Szatas Restaurant in Chicago
I've been bringing my camera just about everywhere. And good thing, because I've been able to snap a few good photos here and there of not just interesting places, but books in interesting places! And this includes restaurants. I'd thought of doing a series on the blog about menus as a form of "book" or reading gadget, but never got around to it. But a few months back I came across a little nook of specialty items at this Polish Restaurant in Chicago, out near Midway Airport. Not only was the "nook" curiously interesting, but the whole restaurant itself was. In fact, I was drawn to the whole interesting design of the place from its external appearance of an Alpine lodge! There are a handful (or maybe more!) Polish restaurants out on Cermack and Cicero and Pulaski Avenues. This one seemed the most colorful, so I thought I'd try it out one evening for dinner.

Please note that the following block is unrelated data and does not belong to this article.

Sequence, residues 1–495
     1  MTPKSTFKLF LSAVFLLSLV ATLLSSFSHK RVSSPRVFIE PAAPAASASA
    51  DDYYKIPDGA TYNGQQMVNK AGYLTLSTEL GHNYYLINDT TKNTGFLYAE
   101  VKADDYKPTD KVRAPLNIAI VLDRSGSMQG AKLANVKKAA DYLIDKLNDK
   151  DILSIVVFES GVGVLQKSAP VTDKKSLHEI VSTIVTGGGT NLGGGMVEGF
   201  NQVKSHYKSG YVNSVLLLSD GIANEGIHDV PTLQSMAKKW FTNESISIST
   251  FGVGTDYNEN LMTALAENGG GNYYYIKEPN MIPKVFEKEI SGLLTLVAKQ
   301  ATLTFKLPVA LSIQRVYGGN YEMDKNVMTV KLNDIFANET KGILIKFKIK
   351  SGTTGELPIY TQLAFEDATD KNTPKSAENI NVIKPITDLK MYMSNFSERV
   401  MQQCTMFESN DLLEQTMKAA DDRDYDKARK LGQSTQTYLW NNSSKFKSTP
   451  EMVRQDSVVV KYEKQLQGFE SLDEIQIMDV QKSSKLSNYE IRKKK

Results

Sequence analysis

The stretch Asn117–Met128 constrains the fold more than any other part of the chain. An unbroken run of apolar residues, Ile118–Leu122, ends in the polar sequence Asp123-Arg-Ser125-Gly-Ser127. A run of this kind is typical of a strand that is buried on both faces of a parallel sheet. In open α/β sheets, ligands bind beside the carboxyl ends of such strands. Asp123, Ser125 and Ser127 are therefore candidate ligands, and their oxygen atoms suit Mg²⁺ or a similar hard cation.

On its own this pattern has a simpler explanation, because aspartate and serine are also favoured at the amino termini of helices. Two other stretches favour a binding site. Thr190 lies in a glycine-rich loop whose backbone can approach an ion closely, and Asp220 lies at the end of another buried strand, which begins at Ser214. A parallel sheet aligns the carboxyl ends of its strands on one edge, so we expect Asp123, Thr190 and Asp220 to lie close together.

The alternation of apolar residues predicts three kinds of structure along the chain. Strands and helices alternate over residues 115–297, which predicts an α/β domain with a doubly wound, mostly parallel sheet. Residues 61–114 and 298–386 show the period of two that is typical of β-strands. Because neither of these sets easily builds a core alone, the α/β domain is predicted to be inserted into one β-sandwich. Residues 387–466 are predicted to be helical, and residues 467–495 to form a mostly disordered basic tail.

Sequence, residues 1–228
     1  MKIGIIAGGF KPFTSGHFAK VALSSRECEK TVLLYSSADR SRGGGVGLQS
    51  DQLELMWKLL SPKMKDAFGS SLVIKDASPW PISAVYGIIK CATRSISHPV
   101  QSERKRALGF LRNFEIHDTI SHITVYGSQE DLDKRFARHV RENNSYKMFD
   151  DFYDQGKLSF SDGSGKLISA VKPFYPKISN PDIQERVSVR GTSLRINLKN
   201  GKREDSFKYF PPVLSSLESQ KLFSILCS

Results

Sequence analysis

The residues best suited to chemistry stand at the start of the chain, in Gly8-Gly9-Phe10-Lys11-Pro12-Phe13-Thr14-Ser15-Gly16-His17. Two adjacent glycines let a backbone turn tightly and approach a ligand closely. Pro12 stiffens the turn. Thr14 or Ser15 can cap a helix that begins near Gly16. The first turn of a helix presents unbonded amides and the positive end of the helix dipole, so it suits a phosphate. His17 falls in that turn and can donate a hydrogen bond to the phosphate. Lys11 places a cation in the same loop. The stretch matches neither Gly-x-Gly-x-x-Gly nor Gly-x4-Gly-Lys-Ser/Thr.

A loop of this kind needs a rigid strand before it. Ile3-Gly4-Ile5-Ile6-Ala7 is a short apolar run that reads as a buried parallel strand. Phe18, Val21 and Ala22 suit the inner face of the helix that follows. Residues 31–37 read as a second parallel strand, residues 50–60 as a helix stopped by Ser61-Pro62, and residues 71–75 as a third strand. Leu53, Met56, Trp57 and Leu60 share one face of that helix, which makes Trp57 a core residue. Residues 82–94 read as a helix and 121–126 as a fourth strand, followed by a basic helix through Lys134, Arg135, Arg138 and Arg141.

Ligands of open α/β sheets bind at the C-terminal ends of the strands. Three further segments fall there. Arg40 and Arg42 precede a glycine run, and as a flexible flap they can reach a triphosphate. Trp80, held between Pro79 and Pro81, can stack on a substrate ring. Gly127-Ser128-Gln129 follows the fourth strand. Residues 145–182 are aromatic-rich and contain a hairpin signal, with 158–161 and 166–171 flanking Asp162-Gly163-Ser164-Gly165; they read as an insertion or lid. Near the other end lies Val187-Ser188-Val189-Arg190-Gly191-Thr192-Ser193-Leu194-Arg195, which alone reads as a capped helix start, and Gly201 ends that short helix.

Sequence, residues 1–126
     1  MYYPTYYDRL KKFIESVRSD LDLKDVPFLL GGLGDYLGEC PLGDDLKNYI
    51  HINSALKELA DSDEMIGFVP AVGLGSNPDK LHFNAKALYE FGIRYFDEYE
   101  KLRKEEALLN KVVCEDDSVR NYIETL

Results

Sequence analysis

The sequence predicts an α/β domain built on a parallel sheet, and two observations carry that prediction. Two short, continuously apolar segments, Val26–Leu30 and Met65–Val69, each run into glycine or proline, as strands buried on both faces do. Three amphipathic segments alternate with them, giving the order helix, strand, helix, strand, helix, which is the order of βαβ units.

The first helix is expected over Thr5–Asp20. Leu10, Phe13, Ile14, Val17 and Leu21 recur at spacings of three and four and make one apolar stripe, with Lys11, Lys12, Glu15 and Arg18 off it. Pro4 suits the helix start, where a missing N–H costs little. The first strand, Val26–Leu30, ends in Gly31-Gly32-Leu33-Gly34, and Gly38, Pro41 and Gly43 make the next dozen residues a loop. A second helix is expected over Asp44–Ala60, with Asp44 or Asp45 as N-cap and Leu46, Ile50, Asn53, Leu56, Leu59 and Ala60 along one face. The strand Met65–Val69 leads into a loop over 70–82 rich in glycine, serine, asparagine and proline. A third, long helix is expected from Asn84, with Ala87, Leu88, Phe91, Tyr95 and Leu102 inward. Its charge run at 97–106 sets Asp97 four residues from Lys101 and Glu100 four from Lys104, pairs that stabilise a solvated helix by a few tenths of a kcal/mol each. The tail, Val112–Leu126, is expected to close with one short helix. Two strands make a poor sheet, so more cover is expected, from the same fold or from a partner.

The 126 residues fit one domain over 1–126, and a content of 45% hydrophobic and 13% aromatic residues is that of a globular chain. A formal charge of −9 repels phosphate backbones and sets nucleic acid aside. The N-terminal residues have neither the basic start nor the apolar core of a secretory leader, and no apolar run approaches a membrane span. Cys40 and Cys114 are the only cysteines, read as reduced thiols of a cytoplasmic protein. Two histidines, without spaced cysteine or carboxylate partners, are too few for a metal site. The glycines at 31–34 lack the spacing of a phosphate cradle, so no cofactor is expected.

Inside had decorations from stuffed heads of wild deer to oversized beer and spirits keg-fronts decorated with national dress. They even had a mid-19th century wagon suspended from the ceiling!
Of course my curiosity came with the little handcrafts and the coterie of Polish books stuffed into the corner! How could I let this opportunity pass?
Hand-written signs in Polish, as well as (my blurry photo of...) images of Pope John Paul II, the modern Polish Pope, who is being pushed into that crowded room of sainthood, adorning the walls of the restaurant!
Of course, I've managed to do this in reverse, but that makes it more interesting. When one enters the restaurant, you are met by a medieval door and a sign that reads "Please Pull the Rope." The rope is attached to another rope and that is attached to a length of tin-bells that sound like cows coming up the hill when rung! After a few moments, a man dressed like a 14th century peasant opens and lets you in! They've always said Chicago was a political city, but this surely gives new meaning to "pulling strings!"